Anyone who has spent a little too long at the beach or out in the garden will be familiar with sunburn. Although most people take active steps to protect their skin, it’s easy to forget to reapply your sunscreen after a dip in the pool. Sunburn can be painful, and regular exposure to UV rays can have harmful effects. Let’s talk about how you can look after your sunburn skin.
What is Sunburn?
With heatwaves becoming more and more common, it’s easy to get caught out without sun protection. Whether you’ve been sunbathing or been caught off guard, sunburn can be painful and uncomfortable.
Sunburn is an inflammatory reaction to UV radiation exposure. It damages the outermost layer of your skin. Sunburn is red, painful skin that’s hot to touch. Usually, it appears after a few hours of being exposed to UV light for too long, from either sunshine or artificial sources.
The Effects of Sunburn
While sometimes it feels unavoidable to prevent sunburn, especially if you’re caught off guard, repeated UV radiation exposure can result in harmful effects. Regular sunburn can increase the risk of skin damage like dark spots, wrinkled skin and rough spots. It can even increase your risk of skin cancer, such as melanoma.
You don’t necessarily need to have a sunburn to increase your risk of skin damage. When your skin is dark or tan, you might not see any redness, but that doesn’t mean that you’re not experiencing any damage from UV rays.
Side effects of sunburn include:
- Inflamed and angry-looking skin that’s red or pink and may be even harder to see on darker skin
- Itching and skin tightening
- Painful skin that’s hot to the touch
- In severe cases, you may have a headache, nausea, and tiredness
- Fluid-filled blisters in more serious cases
Sunburn Skin and Cancer
Sunburn can accelerate the ageing process and increase your risk of developing skin cancer. Too much UV damage from the sun (or sunbeds) can damage your DNA which can lead to skin cancer. According to Cancer Research UK, even getting sunburn just once every two years can triple your chances of developing melanoma skin cancer compared to those who don’t get burnt.
While skin cancer can occur in anyone, getting sunburnt skin can increase the chances of it. Although sunshine and vitamin D helps you to stay healthy, it’s important that you practice safe skin protection in the sun.
Sunburn Skin Treatment
Sunburn can feel painful and extremely uncomfortable. So, what’s good for sunburn skin?
To find some relief from the misery, here are some top tips for treating sunburn skin:
- Keep it cool and find a way to cool down the skin quickly by using a cold pack or taking a cold shower or bath.
- Use a gentle moisturiser while the skin is still damp.
- If safe to do so, take anti-inflammatory medicine, like ibuprofen, to ease the inflammation.
- Make sure you replenish your fluids as sunburn can draw fluid away from the skin.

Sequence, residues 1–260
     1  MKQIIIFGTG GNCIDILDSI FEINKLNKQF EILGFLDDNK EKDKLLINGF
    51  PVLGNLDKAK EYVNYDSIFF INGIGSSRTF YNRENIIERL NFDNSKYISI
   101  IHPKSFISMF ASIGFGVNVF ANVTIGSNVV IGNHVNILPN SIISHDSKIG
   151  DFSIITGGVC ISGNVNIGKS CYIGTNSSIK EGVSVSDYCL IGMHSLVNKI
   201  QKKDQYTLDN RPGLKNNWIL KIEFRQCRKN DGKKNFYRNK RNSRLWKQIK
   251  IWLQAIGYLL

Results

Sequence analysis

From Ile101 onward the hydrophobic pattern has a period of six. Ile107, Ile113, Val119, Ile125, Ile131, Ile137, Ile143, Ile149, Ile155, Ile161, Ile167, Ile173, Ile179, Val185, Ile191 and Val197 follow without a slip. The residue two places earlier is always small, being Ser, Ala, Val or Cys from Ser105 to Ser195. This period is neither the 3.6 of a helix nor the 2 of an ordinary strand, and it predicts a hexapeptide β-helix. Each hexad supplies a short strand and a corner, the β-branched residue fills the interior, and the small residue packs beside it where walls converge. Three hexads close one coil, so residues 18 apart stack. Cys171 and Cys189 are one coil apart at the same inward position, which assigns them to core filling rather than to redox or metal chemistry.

- Seek medical help if you have severe blisters, fever, chills, or have any concerns.
Sunburn Skin Peeling: How to Reduce the Effects of Sunburn Skin
So, why does your skin peel after sunburn?
Sunburn is your body’s reaction when it’s overwhelmed by UV rays. The UV rays damage your skin cell’s DNA, so the dead cells shed away, and this is why your skin is peeling. Skin peeling after sunburn is part of the body’s natural healing process. Typically, when your skin is ready for exposure again, the peeling starts to ease. Peeling skin is basically a sign of damage.
Once you start to peel, there are a few things you can do to make it a little better. As tempting as it is, try to avoid peeling the skin yourself.
Here are some you can do to look after your peeling sunburn skin:
- Try using a soothing anti-inflammatory cream, such as aloe vera
- Be gentle on your skin and avoid rubbing it with a towel
- Protect your skin from further damage with sunscreen or clothing
- Once peeling, start to moisturise the skin and keep it hydrated
- Don’t exfoliate the skin to remove the peeling skin
- Seek shade and avoid being out in the sun during peak hours
You can expect skin peeling to last about 7 days for mild sunburn. If you feel fatigued, have a headache, or experience blistering over large areas of the body, speak to your doctor.
Sun Protection: Protecting Your Skin From Sunburn
The bottom line is that damage has been done to your skin, so now is the time to learn from your mistake and take the time to protect your skin. It’s essential that you figure out how to protect your skin in summer in a way that works for you.
Protecting your skin from sunburn can be a year-round task as the sun doesn’t need to be shining for it to affect your skin. Here are some tips to protect your skin from sunburn:
- Cover up with sun protection clothing
- Buy broad-spectrum sunscreen
- Be careful of windows
- Stay off the sunbeds
- Wear a hat for sun protection
Keeping your skin safe from UV rays is a crucial part of staying looking younger for longer and a key factor of any skincare routine. Stay safe this summer and all year round, and avoid the dreaded sunburn. But if you do get a sunburn, stick to these tips to help ease discomfort and start the healing process quickly.
Sunburn, even mild ones, can damage your skin. Over time, this can really take its toll on your skin and, not to mention, accelerate the ageing process. Sun exposure is the most common cause of wrinkling and skin damage. Protecting your skin from the sun all year round sets a strong foundation for slowing down the ageing process.
To create your skincare routine based on your skin type, book a consultation today at The Harley Clinic to discuss our medical-grade skincare kits from ZO Skin Health.